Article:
Statistical Interpretation of Data - Tests for Departure from the Normal Distribution
|Publication Date:||15 May 1997|
|ICS Code (Application of statistical methods):||03.120.30|
|ICS Code (Metrology and measurement in general):||17.020|
This International Standard gives guidance on methods and tests for use in deciding whether or not the hypothesis of a normal distribution should be rejected, assuming that the observations are independent.
Whenever there are doubts as to whether the observations are normally distributed, the use of a test for departure from the normal distribution may be useful or even necessary. In the case of robust methods, however (i.e. where the results are only altered very slightly when the real probability distribution of the observations is not a normal distribution), a test for departure from the normal distribution is not very helpful. This is the case, for example, when the mean of a single random sample of observations is to be checked against a given theoretical value using a t-test.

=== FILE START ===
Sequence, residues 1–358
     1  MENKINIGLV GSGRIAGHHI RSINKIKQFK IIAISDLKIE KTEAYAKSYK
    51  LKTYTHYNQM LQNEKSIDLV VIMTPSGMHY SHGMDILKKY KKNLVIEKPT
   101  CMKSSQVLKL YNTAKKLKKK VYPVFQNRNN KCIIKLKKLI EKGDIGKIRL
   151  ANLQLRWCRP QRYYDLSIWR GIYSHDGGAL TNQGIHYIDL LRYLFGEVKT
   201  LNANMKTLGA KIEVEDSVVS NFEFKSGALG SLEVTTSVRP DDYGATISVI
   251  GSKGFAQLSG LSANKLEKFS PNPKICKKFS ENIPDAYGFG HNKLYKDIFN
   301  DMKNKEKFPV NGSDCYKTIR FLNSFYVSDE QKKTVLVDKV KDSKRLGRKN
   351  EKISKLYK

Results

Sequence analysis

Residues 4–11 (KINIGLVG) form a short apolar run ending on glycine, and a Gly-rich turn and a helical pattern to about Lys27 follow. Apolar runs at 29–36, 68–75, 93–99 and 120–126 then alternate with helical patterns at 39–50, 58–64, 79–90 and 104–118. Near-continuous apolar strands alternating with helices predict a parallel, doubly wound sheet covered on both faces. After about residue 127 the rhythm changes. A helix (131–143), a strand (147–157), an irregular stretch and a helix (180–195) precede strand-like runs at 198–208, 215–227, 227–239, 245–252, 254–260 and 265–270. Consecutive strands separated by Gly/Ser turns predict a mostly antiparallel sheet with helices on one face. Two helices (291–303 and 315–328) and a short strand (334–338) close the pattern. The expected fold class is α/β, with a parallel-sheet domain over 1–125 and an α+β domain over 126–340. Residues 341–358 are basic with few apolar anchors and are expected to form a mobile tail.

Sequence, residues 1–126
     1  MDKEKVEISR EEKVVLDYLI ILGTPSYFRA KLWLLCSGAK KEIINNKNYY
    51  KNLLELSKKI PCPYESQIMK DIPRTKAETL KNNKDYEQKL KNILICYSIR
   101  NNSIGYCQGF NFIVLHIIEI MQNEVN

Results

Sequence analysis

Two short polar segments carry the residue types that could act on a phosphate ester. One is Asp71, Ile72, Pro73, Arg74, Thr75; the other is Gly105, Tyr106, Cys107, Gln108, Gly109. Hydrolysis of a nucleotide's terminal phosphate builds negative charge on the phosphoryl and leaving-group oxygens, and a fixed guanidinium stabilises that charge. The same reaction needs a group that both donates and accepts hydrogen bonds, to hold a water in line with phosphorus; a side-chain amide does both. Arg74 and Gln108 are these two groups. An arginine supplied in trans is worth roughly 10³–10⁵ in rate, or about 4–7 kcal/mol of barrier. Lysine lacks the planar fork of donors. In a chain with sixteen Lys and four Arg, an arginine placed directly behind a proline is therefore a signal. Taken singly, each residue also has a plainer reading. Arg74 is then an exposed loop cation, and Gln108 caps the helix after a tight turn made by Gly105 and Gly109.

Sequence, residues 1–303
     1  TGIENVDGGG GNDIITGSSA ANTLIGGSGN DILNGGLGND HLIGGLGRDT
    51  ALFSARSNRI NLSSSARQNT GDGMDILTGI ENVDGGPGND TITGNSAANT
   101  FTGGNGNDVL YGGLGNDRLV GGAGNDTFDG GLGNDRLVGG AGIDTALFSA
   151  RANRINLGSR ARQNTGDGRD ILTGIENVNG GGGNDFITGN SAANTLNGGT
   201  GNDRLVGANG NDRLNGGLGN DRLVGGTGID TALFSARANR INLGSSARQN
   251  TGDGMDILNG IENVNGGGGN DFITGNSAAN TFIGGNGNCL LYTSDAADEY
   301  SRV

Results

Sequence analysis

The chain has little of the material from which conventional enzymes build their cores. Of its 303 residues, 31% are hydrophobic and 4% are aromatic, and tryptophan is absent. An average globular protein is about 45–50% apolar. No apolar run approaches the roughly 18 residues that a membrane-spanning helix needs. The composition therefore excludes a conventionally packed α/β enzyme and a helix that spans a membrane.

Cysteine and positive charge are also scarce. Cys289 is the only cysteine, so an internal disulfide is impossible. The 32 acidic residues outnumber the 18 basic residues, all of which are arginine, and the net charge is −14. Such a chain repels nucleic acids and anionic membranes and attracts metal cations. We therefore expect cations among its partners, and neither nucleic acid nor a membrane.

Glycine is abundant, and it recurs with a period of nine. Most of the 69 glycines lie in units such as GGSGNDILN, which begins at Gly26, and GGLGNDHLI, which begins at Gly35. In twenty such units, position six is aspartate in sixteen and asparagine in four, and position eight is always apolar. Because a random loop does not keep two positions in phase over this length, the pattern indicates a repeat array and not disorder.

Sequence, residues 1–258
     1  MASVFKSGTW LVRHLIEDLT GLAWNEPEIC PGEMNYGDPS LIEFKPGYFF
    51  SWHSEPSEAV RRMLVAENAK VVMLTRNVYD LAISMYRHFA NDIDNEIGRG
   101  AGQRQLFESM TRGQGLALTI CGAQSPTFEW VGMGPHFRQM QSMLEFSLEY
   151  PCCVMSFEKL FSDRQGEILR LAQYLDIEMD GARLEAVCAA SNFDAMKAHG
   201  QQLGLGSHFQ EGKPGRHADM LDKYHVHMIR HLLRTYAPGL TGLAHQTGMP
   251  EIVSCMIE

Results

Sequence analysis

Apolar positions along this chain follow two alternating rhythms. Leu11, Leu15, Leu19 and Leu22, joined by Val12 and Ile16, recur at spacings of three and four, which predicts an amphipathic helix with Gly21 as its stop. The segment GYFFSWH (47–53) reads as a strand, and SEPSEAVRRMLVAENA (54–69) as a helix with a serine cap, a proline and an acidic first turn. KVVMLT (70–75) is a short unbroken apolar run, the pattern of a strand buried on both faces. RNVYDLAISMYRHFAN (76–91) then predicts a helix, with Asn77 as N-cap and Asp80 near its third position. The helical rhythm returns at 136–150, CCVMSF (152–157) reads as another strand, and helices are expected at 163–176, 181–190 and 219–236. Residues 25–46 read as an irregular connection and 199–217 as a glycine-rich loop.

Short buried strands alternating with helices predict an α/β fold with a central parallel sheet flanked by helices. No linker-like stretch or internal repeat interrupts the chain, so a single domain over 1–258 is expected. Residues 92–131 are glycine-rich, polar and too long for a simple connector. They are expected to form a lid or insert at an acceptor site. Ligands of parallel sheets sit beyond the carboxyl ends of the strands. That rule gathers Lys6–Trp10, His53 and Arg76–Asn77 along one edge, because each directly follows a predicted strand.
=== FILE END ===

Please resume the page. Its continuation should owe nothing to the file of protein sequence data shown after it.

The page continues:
It is not strictly necessary to use such a test whenever one refers to statistical methods based on the hypothesis of normality. It is possible that there is no doubt at all as to the normal distribution of the observations, whether theoretical (e.g. physical) reasons are present which confirm the hypothesis or because this hypothesis is deemed to be acceptable according to prior information.
The tests for departure from the normal distribution selected in this International Standard are primarily intended for complete data, not grouped data. They are unsuitable for censored data.
The tests for departure from the normal distribution selected in this International Standard may be applied either to observed values or to functions of them, such as the logarithm or the square root.
Tests for departure from the normal distribution are very ineffective for samples of size less than eight. Accordingly, this International Standard is restricted to samples of eight or more.